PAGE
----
Inside they may explore to their hearts' content, wandering monsters permitting, but ultimately find that the only building standing is a temple, and what lies beneath. There are ample opportunities to die (usually horribly) as they venture further in and down, for this temple has been reactivated and is being used to further the Second Agers' schemes. The end - should they survive that long - involves the rising of a Titan, and cinematic levels of destruction and is certainly something that will never be forgotten by anyone who survives to tell the tale.

If your party is jaded, this will shake them awake and provide one last epic adventure before they hang up their swords. They'll need to be lucky as well as skillful to survive, though, but if they do they'll have a tale to tell that they can dine out on for the rest of their lives.



Rating:
[5 of 5 Stars!]
Dungeon Crawl Classics #76: Colossus, Arise!
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Dungeon Crawl Classics #3: The Mysterious Tower
Publisher: Goodman Games
by Megan R. [Featured Reviewer]
Date Added: 05/11/2018 10:51:08

Now here's a thing: like any red-blooded adventuring party the prospect of raiding a long-deserted wizard's tower with an eye to looting it sounds like a good way to spend a day or two... but what if you cannot find the way in?

You see, this is the first challenge that presents itself, gaining entry. It's part of what gets the characters there in the first place: the area is rife with rumours about a wizard's tower that not only has no discernable entrance, it's also protected by a forcefield, and appears in perfect condition although buildings around it stand in ruins. There must be something worth looting in there. Several hooks are provided to help you persuade the party to visit.

There's some background explaining who built the tower and why it's ended up like this, which may become relevant if the party is interested in figuring such things out rather than just robbing the place... although it does explai why the place is haunted, and serves as a reminder to all spell-casters that prior preparation and planning are vital when engaged in major magic use! The adventure starts off combat-heavy, and also includes a trap-infested stage, with curious magic and puzzles to figure out once the party reach the tower itself. Maps are clear, and each location is given a three-part listing: description, creatures, and how they will react to the party. Monster stats and loot are also included, just where you'll need them. There are a full three levels of classic dungeon delve before the party reaches the tower proper, once within it's time to role-play, puzzle and think their way through to the end. Along the way there's a fascinating insight into the life of a studious and experimental wizard, the side of magic little touched on in games where most magic-users are just that: users of standard spells as a means to an end.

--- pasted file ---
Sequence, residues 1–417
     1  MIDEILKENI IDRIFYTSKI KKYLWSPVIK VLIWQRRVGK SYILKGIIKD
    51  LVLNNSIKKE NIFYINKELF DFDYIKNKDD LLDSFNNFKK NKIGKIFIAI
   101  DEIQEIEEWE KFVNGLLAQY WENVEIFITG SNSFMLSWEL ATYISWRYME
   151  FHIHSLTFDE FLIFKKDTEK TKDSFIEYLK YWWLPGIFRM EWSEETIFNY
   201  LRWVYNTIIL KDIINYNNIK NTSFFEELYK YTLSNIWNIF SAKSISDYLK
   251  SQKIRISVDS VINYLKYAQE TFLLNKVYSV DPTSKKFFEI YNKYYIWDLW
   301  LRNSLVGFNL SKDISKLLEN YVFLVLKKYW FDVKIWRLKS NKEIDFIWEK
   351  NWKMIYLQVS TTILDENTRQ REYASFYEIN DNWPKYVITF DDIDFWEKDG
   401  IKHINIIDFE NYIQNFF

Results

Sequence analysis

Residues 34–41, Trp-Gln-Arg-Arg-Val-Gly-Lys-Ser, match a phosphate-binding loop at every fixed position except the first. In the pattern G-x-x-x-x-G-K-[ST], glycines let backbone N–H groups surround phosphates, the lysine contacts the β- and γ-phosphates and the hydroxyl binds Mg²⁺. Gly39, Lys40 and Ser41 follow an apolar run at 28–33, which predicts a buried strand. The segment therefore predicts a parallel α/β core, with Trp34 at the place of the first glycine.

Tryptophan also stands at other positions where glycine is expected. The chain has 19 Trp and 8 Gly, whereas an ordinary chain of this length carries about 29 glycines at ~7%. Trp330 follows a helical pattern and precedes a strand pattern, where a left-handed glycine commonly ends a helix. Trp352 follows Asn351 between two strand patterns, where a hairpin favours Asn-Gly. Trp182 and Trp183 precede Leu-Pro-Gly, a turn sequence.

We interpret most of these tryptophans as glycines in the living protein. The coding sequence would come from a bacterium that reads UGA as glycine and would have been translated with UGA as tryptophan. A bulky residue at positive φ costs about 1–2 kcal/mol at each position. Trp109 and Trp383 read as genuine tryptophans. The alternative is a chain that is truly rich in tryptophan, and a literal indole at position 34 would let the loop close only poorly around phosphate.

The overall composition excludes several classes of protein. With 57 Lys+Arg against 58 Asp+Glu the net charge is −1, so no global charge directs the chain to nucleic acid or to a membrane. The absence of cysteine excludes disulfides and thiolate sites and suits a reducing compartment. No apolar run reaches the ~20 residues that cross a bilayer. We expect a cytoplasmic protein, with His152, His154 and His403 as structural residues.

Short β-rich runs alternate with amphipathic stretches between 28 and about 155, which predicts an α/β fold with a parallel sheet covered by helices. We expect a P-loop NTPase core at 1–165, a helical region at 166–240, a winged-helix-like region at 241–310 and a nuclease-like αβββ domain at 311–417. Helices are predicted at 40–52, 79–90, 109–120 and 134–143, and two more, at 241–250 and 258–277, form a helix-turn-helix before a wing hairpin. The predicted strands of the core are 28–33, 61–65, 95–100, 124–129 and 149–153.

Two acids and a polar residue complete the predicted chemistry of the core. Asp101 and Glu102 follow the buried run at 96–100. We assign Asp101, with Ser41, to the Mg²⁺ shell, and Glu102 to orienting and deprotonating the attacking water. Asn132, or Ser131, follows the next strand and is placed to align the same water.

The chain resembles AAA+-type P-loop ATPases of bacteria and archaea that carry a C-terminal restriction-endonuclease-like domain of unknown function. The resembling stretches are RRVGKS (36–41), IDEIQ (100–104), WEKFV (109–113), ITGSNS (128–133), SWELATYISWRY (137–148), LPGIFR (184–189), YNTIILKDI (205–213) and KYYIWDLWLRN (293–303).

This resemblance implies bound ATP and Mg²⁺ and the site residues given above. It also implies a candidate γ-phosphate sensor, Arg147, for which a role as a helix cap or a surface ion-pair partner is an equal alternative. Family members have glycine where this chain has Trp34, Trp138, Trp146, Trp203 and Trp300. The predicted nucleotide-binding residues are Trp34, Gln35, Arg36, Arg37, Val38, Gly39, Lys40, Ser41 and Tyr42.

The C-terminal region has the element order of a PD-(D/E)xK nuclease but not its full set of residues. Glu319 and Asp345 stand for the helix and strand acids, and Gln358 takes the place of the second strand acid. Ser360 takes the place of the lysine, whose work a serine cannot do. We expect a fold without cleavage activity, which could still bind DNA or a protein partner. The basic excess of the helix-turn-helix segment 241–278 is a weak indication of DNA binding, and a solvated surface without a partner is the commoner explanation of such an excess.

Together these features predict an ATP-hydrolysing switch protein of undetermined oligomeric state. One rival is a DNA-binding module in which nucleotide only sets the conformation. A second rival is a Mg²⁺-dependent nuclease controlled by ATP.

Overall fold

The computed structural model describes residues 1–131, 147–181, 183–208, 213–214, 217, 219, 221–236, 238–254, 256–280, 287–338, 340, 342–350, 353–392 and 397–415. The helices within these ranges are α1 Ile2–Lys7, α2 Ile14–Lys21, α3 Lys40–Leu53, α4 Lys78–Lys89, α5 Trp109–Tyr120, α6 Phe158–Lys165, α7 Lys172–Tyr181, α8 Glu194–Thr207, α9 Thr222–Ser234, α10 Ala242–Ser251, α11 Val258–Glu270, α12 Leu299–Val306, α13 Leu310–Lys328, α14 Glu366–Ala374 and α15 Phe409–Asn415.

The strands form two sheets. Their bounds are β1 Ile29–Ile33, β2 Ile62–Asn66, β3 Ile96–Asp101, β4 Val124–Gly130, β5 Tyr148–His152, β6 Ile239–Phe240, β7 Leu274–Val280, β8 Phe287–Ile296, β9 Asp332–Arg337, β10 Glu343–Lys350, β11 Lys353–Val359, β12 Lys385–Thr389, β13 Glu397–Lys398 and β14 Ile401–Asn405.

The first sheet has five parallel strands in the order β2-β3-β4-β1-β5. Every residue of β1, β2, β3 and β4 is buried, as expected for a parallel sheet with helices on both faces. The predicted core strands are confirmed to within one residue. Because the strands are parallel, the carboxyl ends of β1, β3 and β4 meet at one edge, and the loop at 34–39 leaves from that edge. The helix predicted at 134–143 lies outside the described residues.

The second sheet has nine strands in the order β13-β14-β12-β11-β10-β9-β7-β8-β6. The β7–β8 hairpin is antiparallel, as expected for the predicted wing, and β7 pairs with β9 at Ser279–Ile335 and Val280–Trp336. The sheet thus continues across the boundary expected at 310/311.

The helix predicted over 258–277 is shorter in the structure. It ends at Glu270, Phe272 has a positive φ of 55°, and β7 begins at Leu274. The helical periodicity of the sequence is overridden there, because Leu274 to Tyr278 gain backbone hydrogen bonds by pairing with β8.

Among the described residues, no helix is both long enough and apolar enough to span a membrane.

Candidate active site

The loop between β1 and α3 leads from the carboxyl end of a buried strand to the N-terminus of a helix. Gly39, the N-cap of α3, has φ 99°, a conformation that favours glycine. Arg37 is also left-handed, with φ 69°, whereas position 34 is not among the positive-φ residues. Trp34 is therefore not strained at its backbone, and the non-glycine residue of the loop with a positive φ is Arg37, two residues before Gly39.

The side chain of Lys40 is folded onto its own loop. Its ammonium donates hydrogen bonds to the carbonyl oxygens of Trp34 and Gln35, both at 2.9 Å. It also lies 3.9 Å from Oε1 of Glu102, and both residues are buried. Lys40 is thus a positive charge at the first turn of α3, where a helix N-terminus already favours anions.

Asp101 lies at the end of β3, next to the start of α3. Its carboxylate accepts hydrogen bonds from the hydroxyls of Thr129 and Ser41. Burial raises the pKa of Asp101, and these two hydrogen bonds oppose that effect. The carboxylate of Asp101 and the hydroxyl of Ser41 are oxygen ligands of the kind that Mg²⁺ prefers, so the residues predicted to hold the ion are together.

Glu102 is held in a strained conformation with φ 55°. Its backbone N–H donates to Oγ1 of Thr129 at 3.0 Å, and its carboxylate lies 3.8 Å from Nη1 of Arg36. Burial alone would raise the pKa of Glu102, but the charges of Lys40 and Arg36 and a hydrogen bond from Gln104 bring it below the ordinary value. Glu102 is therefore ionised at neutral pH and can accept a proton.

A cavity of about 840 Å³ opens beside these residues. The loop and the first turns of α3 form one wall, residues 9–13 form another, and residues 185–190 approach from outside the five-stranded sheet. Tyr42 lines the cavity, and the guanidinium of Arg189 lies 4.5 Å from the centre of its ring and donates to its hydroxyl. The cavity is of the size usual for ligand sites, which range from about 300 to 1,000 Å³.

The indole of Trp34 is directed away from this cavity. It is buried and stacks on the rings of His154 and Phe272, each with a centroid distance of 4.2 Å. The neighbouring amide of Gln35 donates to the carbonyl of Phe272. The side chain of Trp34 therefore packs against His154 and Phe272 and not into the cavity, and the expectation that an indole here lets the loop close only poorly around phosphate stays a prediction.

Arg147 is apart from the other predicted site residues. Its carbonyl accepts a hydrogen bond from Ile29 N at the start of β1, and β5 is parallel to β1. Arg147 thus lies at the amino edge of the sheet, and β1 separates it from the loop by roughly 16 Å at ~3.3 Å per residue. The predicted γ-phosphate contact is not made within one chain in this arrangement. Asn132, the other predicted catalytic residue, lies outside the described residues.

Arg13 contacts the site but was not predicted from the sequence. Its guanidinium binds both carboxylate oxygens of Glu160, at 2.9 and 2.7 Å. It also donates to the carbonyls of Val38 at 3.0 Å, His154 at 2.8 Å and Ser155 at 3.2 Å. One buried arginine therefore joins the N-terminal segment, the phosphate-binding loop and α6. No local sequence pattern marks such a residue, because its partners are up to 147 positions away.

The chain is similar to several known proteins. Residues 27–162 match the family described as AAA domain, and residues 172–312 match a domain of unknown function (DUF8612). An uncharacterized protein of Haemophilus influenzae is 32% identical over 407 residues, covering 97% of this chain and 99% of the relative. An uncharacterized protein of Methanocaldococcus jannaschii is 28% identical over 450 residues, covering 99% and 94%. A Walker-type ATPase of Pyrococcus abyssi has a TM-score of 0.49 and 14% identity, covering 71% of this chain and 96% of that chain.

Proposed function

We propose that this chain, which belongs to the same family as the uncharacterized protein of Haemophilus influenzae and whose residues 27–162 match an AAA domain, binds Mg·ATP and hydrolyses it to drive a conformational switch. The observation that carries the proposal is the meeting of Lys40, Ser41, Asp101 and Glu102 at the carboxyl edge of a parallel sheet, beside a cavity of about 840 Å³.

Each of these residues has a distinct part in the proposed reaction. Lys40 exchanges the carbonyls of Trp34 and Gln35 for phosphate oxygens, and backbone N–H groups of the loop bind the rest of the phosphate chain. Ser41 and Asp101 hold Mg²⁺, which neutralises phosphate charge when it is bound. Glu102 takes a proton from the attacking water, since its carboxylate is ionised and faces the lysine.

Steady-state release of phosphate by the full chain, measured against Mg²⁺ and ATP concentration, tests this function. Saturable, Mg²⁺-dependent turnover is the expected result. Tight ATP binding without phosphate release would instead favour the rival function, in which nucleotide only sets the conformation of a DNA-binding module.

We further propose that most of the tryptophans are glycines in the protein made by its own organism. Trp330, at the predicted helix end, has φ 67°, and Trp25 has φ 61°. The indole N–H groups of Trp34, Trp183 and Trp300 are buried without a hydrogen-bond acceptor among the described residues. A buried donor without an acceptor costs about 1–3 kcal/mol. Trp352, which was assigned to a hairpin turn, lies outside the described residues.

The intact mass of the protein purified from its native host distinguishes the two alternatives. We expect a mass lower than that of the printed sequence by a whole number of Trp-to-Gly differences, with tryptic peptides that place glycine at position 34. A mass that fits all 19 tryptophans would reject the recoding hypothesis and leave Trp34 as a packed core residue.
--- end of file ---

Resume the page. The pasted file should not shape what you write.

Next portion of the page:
It all makes for an entertaining classic adventure that is well thought out, challenging and coherent.



Rating:
[5 of 5 Stars!]
Dungeon Crawl Classics #3: The Mysterious Tower
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Dungeon Crawl Classics #2: The Lost Vault of Tsathzar Rho (v3.5)
Publisher: Goodman Games
by Megan R. [Featured Reviewer]
Date Added: 05/10/2018 09:21:49

This module presents a three-level dungeon delve that ought to take characters from 1st to 3rd level, provided that they survive. They'll need wits, courage, and luck to triumph. There's plenty of combat but also situations that call on the party to plan, be ingenious and apply tactics rather than just rush in waving a sword and yelling!

The Background sets the scene for the DM, speaking of an ambitious sorcerer in ancient times, one Tsathzar Rho. Like all such, he went a bit too far, summoning powers that were beyond even his prodigious capabilities to control, and paid the price. A price that, if those powers get their wicked way, will now be paid by the denizens of this world. Strange things are happening deep within a mountain cave complex, and they are beginning to spill out into the world...

It all begins somewhere in your campaign world, where the inhabitants of a fairly isolated village ask for help in dealing with an ogre. He's lived in a nearby cave for ages, but until now has contented himself with robbing the odd passing merchant and bullying the local kobolds. Now he's turned into a psychoic madman and needs to be stopped. Parties which agree to help will be directed to the cave, the inhabitants of which have until recently been quite peaceful. Now they are aggressive and causing more and more of a problem.